Since its discovery in 1925, the meteoritic origin of the iron dagger blade from the sarcophagus of the ancient Egyptian King Tutankhamun (14th C. BCE) has been the subject of debate and previous analyses yielded controversial results. We show that the composition of the blade (Fe plus 10.8 wt% Ni and 0.58 wt% Co), accurately determined through portable x-ray fluorescence spectrometry, strongly supports its meteoritic origin.

In agreement with recent results of metallographic analysis of ancient iron artifacts from Gerzeh, our study confirms that ancient Egyptians attributed great value to meteoritic iron for the production of precious objects. Moreover, the high manufacturing quality of Tutankhamun‘s dagger blade, in comparison with other simple-shaped meteoritic iron artifacts, suggests a significant mastery of ironworking in Tutankhamun‘s time.

Tutankhamun's meteorite scarab in brooch

From Astronomy magazine, 1 June 2016:

The dagger was not the only relic in King Tut’s possession that was rare and unusual; he also possessed a scarab necklace made of silica glass that might have been created by the heat of a meteorite impacting the desert sand and melting it down.

152 Egyptians jailed for demonstrating peacefully


This video says about itself:

Diving in Tiran Island at Sharm El Sheikh, Egypt

18 October 2015

Tiran (Arabic: جزيرة تيران‎ Jazīrat Tīrān, aka Jezîret Tīrān and Yotvat Island, is an Egyptian-administered island that is also claimed by Saudi Arabia. It is located at the entrance of the Straits of Tiran, which separates the Red Sea from the Gulf of Aqaba. It has an area of about 80 km2 (30 sq mi). It is part of the Ras Muhammad National Park. … The island is currently inhabited only by military personnel from Egypt and the Multinational Force and Observers [MFO].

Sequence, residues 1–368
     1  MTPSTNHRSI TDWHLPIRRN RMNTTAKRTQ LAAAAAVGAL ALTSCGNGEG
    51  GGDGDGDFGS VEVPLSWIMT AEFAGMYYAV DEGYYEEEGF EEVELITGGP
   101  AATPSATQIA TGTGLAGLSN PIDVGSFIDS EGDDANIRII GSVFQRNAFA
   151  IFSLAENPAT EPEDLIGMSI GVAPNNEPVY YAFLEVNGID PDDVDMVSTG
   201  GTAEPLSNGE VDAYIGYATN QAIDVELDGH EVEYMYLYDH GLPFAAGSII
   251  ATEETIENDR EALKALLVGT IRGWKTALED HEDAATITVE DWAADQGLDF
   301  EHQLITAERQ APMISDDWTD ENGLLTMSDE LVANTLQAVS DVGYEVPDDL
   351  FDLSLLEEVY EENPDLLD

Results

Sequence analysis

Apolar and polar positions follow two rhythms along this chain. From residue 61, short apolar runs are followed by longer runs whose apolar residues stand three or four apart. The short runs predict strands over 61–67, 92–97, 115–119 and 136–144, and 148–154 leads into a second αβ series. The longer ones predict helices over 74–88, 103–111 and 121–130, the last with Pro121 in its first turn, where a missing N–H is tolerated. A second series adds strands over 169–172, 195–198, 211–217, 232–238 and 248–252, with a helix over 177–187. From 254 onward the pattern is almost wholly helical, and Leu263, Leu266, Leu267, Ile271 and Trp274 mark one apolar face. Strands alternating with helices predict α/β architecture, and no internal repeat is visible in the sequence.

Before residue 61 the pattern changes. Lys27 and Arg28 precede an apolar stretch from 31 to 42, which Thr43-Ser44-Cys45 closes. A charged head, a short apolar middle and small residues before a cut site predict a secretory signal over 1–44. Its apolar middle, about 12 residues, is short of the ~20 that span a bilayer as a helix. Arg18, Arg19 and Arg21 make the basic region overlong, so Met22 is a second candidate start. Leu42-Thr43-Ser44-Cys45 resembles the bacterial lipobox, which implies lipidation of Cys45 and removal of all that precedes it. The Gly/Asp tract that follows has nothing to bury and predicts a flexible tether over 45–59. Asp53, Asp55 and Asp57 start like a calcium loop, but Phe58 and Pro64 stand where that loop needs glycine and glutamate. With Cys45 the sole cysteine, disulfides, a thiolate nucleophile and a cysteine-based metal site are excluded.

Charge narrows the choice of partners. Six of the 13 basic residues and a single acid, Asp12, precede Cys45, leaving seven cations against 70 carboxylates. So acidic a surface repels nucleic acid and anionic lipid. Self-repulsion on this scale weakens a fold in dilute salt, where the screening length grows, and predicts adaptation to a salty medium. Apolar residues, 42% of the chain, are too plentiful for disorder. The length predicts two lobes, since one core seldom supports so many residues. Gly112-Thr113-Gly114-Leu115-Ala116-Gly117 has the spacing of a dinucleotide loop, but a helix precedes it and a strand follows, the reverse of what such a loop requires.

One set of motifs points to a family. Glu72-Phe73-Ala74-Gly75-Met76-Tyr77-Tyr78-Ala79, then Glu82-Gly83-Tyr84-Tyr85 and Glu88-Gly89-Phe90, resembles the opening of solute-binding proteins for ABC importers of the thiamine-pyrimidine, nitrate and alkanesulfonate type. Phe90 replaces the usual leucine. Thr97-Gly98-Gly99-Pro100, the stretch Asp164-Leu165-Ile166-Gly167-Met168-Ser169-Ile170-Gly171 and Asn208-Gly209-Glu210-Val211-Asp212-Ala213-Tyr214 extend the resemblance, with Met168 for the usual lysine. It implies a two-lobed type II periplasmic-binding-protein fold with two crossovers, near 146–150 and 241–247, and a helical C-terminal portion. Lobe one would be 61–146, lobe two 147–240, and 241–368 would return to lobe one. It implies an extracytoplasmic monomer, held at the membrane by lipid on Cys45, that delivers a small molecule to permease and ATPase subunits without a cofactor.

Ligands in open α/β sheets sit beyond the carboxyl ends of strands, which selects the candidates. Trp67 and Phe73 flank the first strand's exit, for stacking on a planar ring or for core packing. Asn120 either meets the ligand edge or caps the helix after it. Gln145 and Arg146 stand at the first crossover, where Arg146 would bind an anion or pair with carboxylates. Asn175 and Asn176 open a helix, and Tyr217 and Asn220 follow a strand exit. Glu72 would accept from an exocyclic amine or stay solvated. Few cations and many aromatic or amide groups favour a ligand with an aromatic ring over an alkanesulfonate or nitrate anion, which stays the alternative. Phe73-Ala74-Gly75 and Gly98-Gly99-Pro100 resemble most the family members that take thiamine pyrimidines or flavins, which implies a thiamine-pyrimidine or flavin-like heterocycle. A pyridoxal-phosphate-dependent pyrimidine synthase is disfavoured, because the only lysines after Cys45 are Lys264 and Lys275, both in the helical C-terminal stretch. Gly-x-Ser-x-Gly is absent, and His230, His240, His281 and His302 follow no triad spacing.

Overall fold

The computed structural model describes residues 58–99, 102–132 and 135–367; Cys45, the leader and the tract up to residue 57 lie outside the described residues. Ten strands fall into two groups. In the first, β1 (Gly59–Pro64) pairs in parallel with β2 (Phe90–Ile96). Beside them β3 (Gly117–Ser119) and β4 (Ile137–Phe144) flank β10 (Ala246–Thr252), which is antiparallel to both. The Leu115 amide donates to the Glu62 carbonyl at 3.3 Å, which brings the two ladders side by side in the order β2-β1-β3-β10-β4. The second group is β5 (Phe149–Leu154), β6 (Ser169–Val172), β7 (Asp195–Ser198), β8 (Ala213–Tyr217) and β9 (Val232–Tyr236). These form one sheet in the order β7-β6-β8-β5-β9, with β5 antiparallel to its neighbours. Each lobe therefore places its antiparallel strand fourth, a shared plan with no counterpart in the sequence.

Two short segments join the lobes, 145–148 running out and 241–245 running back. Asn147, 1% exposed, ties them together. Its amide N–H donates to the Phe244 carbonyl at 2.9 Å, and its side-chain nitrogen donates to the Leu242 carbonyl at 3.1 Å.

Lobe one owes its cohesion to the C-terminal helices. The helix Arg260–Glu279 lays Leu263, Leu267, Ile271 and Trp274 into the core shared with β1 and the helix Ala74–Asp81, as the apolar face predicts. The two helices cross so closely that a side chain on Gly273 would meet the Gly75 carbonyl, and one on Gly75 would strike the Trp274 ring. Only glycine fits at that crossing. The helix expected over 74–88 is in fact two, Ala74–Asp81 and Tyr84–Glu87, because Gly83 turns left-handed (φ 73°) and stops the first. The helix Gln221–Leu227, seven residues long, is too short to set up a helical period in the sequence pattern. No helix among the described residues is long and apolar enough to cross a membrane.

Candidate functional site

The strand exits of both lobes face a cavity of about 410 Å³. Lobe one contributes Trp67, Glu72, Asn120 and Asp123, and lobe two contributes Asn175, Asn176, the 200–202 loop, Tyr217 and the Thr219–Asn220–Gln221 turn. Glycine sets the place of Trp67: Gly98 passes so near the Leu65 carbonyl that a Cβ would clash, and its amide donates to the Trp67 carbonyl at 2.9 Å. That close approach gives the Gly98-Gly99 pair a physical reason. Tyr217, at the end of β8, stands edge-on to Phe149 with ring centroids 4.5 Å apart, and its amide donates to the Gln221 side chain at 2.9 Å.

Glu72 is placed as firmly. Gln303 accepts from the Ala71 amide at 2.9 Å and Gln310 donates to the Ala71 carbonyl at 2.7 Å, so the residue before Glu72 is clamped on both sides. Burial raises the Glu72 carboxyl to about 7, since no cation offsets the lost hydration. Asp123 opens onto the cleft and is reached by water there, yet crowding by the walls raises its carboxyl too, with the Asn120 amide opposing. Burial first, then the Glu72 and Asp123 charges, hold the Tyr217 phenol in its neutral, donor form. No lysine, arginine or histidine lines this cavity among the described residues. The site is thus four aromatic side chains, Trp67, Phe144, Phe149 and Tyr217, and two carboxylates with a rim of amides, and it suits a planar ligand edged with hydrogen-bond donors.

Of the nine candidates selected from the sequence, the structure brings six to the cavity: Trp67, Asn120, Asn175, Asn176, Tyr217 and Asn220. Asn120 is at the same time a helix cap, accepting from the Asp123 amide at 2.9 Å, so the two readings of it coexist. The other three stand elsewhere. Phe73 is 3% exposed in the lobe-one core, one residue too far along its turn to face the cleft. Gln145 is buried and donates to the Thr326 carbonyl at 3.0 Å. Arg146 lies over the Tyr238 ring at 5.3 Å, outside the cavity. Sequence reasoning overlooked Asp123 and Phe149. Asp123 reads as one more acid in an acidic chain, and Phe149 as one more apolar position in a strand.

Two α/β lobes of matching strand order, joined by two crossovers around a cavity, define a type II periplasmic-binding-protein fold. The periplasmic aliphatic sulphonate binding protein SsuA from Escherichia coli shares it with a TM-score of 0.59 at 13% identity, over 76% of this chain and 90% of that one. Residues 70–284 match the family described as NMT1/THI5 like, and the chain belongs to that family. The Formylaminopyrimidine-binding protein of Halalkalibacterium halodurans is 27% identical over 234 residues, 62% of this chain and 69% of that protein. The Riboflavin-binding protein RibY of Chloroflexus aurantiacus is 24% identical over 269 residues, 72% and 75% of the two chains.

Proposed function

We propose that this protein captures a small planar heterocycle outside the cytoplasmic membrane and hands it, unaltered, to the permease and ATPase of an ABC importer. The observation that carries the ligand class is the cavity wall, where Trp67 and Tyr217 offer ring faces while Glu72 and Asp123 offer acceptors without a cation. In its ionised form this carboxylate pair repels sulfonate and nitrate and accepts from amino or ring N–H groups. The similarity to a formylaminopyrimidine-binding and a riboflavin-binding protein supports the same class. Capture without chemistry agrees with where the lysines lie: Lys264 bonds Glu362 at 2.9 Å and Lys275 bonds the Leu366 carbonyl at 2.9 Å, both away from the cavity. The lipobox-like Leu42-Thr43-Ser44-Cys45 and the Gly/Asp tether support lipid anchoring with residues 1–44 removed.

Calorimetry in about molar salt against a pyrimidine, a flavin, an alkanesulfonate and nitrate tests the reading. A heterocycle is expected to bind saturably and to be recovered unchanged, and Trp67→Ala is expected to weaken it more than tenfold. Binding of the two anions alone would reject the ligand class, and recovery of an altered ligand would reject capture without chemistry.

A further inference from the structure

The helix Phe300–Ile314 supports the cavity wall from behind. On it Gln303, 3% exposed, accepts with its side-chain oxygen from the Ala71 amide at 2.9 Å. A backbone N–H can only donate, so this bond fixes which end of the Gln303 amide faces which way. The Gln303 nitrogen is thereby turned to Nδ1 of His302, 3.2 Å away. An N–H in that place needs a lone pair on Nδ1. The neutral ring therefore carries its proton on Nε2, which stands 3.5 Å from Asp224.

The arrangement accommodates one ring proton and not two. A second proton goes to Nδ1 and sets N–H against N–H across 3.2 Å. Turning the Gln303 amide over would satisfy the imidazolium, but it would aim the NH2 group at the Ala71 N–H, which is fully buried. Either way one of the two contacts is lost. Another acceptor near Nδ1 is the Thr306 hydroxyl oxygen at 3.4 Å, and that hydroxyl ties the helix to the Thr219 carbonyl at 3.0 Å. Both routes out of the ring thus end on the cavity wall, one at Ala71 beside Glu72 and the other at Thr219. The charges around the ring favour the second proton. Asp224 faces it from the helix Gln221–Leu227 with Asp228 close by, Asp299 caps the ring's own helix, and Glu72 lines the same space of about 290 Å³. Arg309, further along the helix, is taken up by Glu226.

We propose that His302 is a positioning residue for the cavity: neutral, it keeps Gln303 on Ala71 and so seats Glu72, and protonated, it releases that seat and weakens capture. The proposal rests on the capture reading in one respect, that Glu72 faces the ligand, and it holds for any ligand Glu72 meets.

That was in 2015; before Egyptian military dictator Sisi controversially handed over Tiran island, and Sanafir island, to the king of Saudi Arabia.

This video says about itself:

Protests in Cairo over Egypt-Saudi Tiran and Sanafir island deal

16 April 2016

Thousands in the Egyptian capital Cairo have protested President Abdel Fattah al-Sisi decision to hand over two islands to Saudi Arabia.

Sisi’s government last week announced the uninhabited islands of Tiran and Sanafir will be demarcated as being in Saudi waters.

From Reuters news agency:

Sat May 14, 2016 4:53pm EDT

Egyptian court jails 152 people over islands protest

An Egyptian court sentenced 152 protesters on Saturday to between two and five years in prison each after they demonstrated against a decision to transfer two Red Sea islands to Saudi Arabia, judicial sources and state media said.

Hundreds of police officers were deployed in central Cairo on April 25 to quell protests against President Abdel Fattah al-Sisi‘s decision to hand over Tiran and Sanafir islands.

More than 200 people are being tried in connection with the protests, the judicial sources said.

Of those sentenced on Saturday, 101 received five-year prison terms and 51 received two-year sentences, judicial sources and the state-owned al-Ahram newspaper said.

The 152 protesters were convicted of breaking a law banning people from protesting without first notifying the Interior Ministry, the judicial sources said.

Defense lawyer Ahmed Helmy said they would appeal. “There is no evidence of guilt,” he told Reuters.

The prosecution did not issue any formal statement on the verdicts.

In similar protests, on April 15, thousands of people had called for “the fall of the regime”, a slogan from the 2011 uprisings which ended Hosni Mubarak’s 30-year rule … More than 100 people were detained at those protests, security officials said at the time.